Friday, August 27, 2010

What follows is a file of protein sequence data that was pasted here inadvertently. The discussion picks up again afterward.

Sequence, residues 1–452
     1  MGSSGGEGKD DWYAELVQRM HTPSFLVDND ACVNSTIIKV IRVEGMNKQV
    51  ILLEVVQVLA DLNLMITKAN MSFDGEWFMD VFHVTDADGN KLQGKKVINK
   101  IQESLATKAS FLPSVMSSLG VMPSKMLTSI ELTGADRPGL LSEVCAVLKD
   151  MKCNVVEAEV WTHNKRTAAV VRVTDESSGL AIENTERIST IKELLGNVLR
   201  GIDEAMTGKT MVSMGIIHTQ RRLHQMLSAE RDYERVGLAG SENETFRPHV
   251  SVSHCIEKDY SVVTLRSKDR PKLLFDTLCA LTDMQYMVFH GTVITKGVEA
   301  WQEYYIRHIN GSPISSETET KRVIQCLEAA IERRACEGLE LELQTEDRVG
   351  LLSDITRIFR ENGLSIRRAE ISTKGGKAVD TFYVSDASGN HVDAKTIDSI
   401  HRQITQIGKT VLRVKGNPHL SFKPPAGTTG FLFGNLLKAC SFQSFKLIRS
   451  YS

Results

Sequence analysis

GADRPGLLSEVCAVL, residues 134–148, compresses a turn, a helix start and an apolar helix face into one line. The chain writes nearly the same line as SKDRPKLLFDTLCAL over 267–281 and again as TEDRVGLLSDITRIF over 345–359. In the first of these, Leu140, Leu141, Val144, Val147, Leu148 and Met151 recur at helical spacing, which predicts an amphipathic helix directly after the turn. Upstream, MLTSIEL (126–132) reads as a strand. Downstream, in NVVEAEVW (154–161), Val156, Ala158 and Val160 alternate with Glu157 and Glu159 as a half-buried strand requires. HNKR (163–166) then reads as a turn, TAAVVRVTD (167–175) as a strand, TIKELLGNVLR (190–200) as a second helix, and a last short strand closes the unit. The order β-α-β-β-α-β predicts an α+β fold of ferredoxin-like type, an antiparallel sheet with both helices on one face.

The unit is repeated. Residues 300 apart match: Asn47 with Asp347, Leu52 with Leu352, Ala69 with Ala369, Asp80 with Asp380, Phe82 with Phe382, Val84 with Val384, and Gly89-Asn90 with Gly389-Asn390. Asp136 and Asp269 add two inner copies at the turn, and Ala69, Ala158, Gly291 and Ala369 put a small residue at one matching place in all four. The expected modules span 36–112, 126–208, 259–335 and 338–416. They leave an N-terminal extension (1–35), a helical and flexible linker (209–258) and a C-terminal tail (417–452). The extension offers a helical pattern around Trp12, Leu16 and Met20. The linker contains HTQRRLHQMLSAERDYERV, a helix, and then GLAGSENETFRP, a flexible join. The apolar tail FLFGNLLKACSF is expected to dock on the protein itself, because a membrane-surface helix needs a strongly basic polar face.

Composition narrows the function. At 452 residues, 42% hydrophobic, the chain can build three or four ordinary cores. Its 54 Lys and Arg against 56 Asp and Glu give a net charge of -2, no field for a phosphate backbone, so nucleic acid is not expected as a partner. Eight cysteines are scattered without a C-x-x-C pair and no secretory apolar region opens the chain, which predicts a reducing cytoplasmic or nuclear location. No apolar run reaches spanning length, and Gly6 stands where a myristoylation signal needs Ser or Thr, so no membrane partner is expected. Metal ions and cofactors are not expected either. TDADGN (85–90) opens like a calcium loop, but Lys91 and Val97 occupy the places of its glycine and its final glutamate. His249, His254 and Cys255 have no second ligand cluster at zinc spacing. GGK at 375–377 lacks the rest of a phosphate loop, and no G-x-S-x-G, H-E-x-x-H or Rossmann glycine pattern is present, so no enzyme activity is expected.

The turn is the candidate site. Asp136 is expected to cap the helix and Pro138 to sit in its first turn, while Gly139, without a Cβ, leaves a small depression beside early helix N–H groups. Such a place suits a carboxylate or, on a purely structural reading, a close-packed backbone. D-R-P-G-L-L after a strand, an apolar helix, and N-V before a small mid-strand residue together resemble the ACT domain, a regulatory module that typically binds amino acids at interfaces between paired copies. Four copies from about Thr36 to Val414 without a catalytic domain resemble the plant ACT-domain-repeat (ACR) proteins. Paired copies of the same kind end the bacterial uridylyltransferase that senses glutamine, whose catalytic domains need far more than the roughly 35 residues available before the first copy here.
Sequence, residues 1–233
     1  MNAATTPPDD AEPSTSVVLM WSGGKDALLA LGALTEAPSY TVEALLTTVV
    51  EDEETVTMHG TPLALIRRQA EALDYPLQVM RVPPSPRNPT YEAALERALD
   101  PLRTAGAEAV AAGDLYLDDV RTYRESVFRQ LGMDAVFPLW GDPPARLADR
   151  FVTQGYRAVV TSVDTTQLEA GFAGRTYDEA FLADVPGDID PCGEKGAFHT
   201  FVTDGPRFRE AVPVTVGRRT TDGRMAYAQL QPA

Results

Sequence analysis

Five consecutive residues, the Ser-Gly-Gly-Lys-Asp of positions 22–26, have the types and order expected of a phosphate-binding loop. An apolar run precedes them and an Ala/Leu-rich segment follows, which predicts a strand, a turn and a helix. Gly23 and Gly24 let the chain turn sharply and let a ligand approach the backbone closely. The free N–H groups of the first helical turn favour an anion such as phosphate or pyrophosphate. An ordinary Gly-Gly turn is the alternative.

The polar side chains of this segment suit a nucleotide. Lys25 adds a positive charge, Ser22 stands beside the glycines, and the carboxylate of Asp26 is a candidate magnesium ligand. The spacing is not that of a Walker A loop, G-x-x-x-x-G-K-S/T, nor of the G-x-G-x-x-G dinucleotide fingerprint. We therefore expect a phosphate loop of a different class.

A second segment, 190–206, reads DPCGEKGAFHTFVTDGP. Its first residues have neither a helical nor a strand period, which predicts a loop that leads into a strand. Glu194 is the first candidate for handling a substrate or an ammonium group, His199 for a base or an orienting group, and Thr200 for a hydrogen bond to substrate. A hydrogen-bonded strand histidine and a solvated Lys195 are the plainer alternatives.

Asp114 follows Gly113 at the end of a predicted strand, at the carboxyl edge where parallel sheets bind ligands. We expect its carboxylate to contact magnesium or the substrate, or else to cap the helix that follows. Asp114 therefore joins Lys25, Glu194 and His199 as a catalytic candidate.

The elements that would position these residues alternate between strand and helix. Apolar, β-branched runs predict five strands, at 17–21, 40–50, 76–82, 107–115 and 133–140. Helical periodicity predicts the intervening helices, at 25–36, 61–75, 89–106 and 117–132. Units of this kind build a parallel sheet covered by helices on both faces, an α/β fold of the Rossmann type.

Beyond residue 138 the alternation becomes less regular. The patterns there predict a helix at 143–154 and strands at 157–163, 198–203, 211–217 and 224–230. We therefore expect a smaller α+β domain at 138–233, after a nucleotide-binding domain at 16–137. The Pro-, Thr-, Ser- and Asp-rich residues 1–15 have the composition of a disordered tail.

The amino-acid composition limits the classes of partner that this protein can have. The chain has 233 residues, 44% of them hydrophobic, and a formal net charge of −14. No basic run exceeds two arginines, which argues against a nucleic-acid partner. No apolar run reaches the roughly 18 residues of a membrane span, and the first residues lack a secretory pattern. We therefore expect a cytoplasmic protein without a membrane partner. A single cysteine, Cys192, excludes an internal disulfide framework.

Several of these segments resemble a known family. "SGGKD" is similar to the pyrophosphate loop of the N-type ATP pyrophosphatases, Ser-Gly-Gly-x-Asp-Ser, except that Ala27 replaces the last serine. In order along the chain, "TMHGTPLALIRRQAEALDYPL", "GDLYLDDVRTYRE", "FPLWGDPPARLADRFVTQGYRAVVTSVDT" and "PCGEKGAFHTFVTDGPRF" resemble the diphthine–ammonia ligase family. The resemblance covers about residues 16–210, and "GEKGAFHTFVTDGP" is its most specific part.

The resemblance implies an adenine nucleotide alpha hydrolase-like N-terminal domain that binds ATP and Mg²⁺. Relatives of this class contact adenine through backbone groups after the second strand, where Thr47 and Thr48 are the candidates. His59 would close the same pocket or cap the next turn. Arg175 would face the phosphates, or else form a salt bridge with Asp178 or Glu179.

Because you are all lovely, caring people, you're probably wondering how Jack is doing. The short answer is: better. The longer answer is a little more involved. We started with our general provider, who gave us a referral to see a neurologist at Children's. The best thing I can say about the woman we saw was that she really, really liked Jack. She congratulated me on my superior powers of observation and pointed out that if Jack was in a different kind of household with a different kind of mother, he'd probably be put on heavy drugs for ADD. She was very sweet and attentive and kept saying things like "Clearly, he's fabulous!" She genuinely liked him and that was all very heart-warming, but not very useful from a medical standpoint. The good news is that Jack consistently aced all the neurological tests and his chart states "perfect upon examination." So nothing wrong with his brain. The conclusion of Kindly Neurologist was "You're a fantastic mother, keep doing what you're doing and come back in four months. And by the way that will be $237.00 please." My next move was to take him to Dr. White, my lovely chiropractor. It was abundantly clear after x-rays that Jack's neck was grossly out of alignment and in such a way that Dr. White assured me it was affecting blood flow to his brain. Jack has received two adjustments to his spine, and there's good news and bad news. The good news is that his spine is now in perfect alignment, and on our third visit Dr. White said that Jack didn't need a third adjustment because he was still holding perfect alignment. The other good news is that Jack's headaches seem to be less frequent and, when they do come, less intense. We are always able to nip them in the bud and avoid the vomiting stage. The bad news is that he still gets headaches. I'm grateful that for the time being they stay headaches and don't progress to full-on migraines. Dr. White suggested a blood allergy test to look for foods that might bother Jack, as allergies can be common migraine triggers. We are learning more and more about how to manage his situation, and were even able to take a two-hour road trip to Lake Wenatchee for a little vacation thanks to the miracle that is Dramamine. I'm not normally a big fan of giving my kids medicine for every little ache and pain, but I am a huge fan of being able to drive for a couple of hours with no one vomiting. Another tool we discovered(thanks to Anna) is something called Migrastick, which is a little vial of essential peppermint and lavender oils. When Jack feels the first signs of a headache(which he is getting better and better at recognizing) we dab a little oil on his forehead, temples, and the back of his neck. Usually, ten minutes later he feels fine. If not, we break out some chewable ibuprofen and carry on with our day. I'm trying to train him to feed and water himself more independently, and all in all things are improving. I feel like I need to catch my breath a little before we seek out further treatment, which will most likely be with a naturopath. I received so many e-mails full of concern and recommendations, and I'm so grateful for all of them. Thank you all for caring about my son, I deeply appreciate it. And speaking of appreciation, I had a rather tragic invitation to appreciate my life a lot more than I have been recently. It's embarrassing how easily I can lose my perspective, and the depth of awfulness sometimes required for me to get my head back on straight. For a while there I felt like I was in a storm of difficulties, trying to manage Jack's migraines and allergies while keeping Jack and Matteas from killing each other, all while feeling misunderstood by my husband. It was not a good time. And then Kayleigh blew into town and we had an amazing two weeks together, full of food and conversation and insight. I realized how important it is for me to make space for myself, to take a break from the daily grind and do things that feed my soul. I also realized I need to spend more time talking to my husband and less time talking about him. The night before we went on vacation I finally came clean to him about something I've been upset about for years. Literally, years. It's really not that juicy in terms of content, but the principle was that I didn't trust him with my wounds and it was driving a wedge between us. It was a small wedge at first, and the space it drove between us was so small I thought I could overlook it but the more I overlooked it the more the space grew, until one day I looked up and saw that the small space had become a large chasm and that I needed to make a choice: keep drifting, or reach for my husband. I chose to reach, and he met me with open arms. I thanked him by getting snot all over the shoulder of his black t-shirt on account of all the blubbering that ensued, but he didn't mind. He just held me while I blubbered and whispered really nice things to me, and I realized what a fool I'd been not to let him comfort me a long time ago. He would have if I'd asked, but I refused to ask. Life had to push me to a really dark place before I would admit I was in pain. So now we are quite in love, Jack is doing much better, Matteas is his charming self(and he's now three years old) and we are working on our master bedroom and reading C.S. Lewis together out loud. All this goodness was thrown into sharp relief by a visit to the park the other night, just the boys and me while Aaron was out. Two little boys were at the playground, 5 and 2, and they immediately befriended Jack and Matteas. Their dad and their grandma were with them, who seemed like kindly, if odd, people. Turns out they were very odd, and very sad. The grandma, not bothering to make the usual playground small talk, launched into a detailed account of her son's nasty divorce which is apparently being driven by his hateful wife who detests him and abuses her children. She blurted all this out while the kids were playing right next to us, and I was torn between trying to be kind to her and protecting my kids from someone else's tragedy. When it was time to go, Jack volunteered to give the dad our phone number so we could meet again. "Oh," I said, "we come here all the time so I'm sure we'll see you guys again." I made a mental note to avoid the park on Wednesday nights, which is apparently the one weeknight Hateful Wife grants her soon-to-be-ex-husband custody of his own children. We headed home and I put the boys in the bath, and fed them watermelon while the warm water soaked the dust from the park off their skin. I told Jack that next time he meets a kid he likes at the park, he needs to ask me if it's okay to exchange phone numbers before volunteering that option. He asked me why, and the best I could do was to say that there are some friends that we make a part of our lives, friends we have over for dinner and plan vacations with, and then there are friends that are just park friends. He didn't really understand, and it suddenly hit me that we are rapidly getting to the part of the show when I will have to explain Harsh Realities to him, to teach him about things I don't want him to know. He was only a year and a half when Karoly shot himself, wasn't born yet when my oldest sister left her five boys. He hasn't had to process any deep personal tragedies yet, and I was overcome with a wave of gratitude that, for all my complaining, my struggles are really all within the range of normal. I may struggle in my relationship with my husband, but if I struggle it's in order to have a better marriage. The boys might drive me crazy with their fighting, but they can only drive me crazy because I am here being their mom every day, not just Wednesday nights. We struggle still, but generally it's in a thriving kind of way, and whatever else may happen I know we will at least struggle together.